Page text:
“For me, it feels like I’ve bought a cinema ticket to a movie that has already ended.”
It is late afternoon and six Somali men are seated around a table at a youth center in Malmö, Sweden. They’re engaged in an animated conversation about what their expectations were of Europe before they arrived versus what they’ve actually encountered.
All of them are in their early twenties, and travelled to Europe from Somalia between 2008 and 2012 when they were teenagers. Today, together with friends from Afghanistan, they have created an association called The National Unaccompanied Minors Association (Ensamkommandes Förbund), which primarily works with lobbying and advocacy for unaccompanied minors in Sweden.
The conversation revolves around the picture they had of Europe and the dreams they thought would be fulfilled by coming here— like getting a good education, good jobs, good cars, and a better life. They speak of what it was like to finally get here only to realize that it was all an illusion; that the Europe they longed to reach, and were willing to leave Somalia for, turned out to be nothing like the utopia they had imagined.
“I had a vision that when I got to Europe I would gain a lot of things, like a better future,” Says Mubarak. “Only when we arrived here did we discover the truth, that life here is much more difficult than the one back home.” This distorted image of Europe, they say, is perpetuated by the diaspora who tell false stories of their lives in Europe.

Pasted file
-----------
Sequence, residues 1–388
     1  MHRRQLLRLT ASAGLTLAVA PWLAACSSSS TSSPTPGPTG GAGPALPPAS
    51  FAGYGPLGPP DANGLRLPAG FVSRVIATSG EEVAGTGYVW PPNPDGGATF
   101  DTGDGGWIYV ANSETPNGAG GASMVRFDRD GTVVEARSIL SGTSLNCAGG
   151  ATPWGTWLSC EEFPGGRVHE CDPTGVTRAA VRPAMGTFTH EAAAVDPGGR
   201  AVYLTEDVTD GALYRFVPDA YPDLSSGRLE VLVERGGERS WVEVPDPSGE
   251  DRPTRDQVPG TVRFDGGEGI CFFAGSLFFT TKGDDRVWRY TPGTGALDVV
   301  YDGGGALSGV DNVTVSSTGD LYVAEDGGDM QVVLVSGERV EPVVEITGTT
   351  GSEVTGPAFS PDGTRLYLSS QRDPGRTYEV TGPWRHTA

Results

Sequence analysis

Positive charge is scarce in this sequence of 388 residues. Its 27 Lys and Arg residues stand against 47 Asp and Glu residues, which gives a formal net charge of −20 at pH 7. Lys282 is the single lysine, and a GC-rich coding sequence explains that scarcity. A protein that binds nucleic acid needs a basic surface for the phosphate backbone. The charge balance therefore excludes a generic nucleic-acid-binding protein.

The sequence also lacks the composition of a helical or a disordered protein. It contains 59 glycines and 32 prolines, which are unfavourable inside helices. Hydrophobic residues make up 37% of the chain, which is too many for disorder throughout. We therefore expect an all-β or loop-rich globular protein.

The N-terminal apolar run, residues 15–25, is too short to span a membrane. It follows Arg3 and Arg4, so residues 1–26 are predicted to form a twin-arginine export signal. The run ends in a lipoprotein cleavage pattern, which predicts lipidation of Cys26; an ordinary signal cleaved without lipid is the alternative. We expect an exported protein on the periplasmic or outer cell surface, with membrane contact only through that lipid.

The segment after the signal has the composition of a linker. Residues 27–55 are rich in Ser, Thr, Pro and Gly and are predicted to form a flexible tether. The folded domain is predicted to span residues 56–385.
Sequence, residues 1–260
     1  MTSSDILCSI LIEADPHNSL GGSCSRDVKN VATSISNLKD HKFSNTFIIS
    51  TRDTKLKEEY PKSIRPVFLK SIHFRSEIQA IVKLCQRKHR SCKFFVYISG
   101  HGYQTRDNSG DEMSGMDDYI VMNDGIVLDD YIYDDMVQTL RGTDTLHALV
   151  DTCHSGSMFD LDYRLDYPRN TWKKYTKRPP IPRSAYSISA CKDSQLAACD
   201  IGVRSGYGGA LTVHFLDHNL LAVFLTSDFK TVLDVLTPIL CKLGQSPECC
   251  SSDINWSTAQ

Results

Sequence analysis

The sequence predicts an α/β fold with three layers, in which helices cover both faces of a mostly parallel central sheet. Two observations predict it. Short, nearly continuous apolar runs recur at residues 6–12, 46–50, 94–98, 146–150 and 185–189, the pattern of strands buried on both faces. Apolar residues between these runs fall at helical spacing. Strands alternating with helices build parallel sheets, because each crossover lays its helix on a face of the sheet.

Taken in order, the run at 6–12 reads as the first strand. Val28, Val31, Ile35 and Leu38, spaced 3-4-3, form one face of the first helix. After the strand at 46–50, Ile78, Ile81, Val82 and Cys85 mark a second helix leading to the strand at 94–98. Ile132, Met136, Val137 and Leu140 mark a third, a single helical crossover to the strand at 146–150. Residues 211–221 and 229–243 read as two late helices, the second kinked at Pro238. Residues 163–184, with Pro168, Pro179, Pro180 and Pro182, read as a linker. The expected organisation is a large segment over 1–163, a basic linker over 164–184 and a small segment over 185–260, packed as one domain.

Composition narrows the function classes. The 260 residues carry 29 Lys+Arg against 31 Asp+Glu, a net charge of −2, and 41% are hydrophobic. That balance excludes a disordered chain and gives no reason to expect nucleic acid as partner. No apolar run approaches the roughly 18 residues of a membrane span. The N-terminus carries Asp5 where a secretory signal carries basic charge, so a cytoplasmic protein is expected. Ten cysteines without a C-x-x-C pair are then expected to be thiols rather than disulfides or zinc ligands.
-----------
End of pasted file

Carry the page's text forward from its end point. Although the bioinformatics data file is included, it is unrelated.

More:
The discussion takes a different turn as the group starts to recount their memories of Somalia. The air is nostalgic with a hint of regret. “Life was simpler back home. We used to play football, do our own things, go to school, there was no time-schedule for everything.” Says Nimis. “But here, life became like a difficult project.”
Their friends back in Somlia still insist on making the journey, despite warnings of its perils and the reality of life in Europe. “They think there is good life in Europe, they see this beautiful picture of snowy Europe and think it’s perfect. They don’t see all the depressed people here.”
All six men experienced a difficult journey getting here. Some were imprisoned, and most of them lost friends in the Sahara. Now they are part of the diaspora, a state they once envied and longed to be part of. Despite having made it, they do not feel it was worth the struggle or the money.
Watch the group discuss the reality of their life in Europe.